A metamorposis of modern and traditional in Graft’s prototype for the rebuilding of New Orleans’ housing and communities. Photography by Virginia Miller
In 2005, Hurricane Katrina devastated New Orleans. The slow reaction to the initial emergency and the subsequent crisis of displacement exposed the US government’s response capabilities. In the aftermath, areas such as the city’s Lower Ninth Ward seemed beyond all hope of being rebuilt. However, the mission of Make It Right - a not-for-profit coalition of architects, planners and developers founded by actor Brad Pitt - is to be a catalyst for the safe and sustainable redevelopment of such apparently untenable districts.
The emphasis is on design quality, while preserving the spirit of the local community and the goal is to build quickly, so residents can return to their homes as soon as possible.
Graft’s proposal for housing in the Lower Ninth merges metaphorical abstractions of traditional and modern architecture in search of a more resonant new whole. The starting point is a traditional New Orleans housing type, the long, narrow shotgun house, which is abstractly represented through an almost exaggerated, gable roof and generous front porch. The houses are conceived as prefabricated, modular units that can be assembled in just two weeks.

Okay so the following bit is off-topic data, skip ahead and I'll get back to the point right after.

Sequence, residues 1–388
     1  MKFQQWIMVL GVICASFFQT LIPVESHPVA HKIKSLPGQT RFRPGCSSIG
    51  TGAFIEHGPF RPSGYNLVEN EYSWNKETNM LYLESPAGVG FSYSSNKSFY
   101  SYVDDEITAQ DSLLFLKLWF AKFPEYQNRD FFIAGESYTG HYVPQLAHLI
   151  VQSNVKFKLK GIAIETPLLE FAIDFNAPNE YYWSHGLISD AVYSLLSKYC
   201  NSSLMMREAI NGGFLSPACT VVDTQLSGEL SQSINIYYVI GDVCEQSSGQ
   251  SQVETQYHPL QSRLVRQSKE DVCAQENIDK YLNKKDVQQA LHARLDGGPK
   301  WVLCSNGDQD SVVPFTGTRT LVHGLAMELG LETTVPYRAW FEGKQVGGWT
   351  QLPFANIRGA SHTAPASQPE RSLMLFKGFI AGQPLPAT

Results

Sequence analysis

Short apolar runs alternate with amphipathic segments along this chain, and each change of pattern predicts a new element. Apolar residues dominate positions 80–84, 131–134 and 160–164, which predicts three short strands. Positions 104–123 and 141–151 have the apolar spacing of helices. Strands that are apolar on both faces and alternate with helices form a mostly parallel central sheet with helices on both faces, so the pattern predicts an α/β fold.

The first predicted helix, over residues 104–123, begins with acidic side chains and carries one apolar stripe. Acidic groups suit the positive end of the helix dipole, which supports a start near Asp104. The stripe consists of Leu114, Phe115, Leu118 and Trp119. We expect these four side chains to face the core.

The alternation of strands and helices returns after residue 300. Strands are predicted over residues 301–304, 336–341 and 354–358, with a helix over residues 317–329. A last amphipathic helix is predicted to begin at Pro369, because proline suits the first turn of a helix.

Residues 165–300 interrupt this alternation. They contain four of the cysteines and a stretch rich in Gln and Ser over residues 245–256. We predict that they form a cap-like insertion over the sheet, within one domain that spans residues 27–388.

The fluidity of the relationship between home and community along with the provision of areas designated to interaction between neighbours and friends are vital to social cohesion. Just as crucially, the house is designed to survive an 8ft flood, with its rear morphing into a flat roof and providing a strategy for what the architects describe as ‘passive survivability’, should the unthinkable reoccur.
Architect Graft, Los Angeles, USA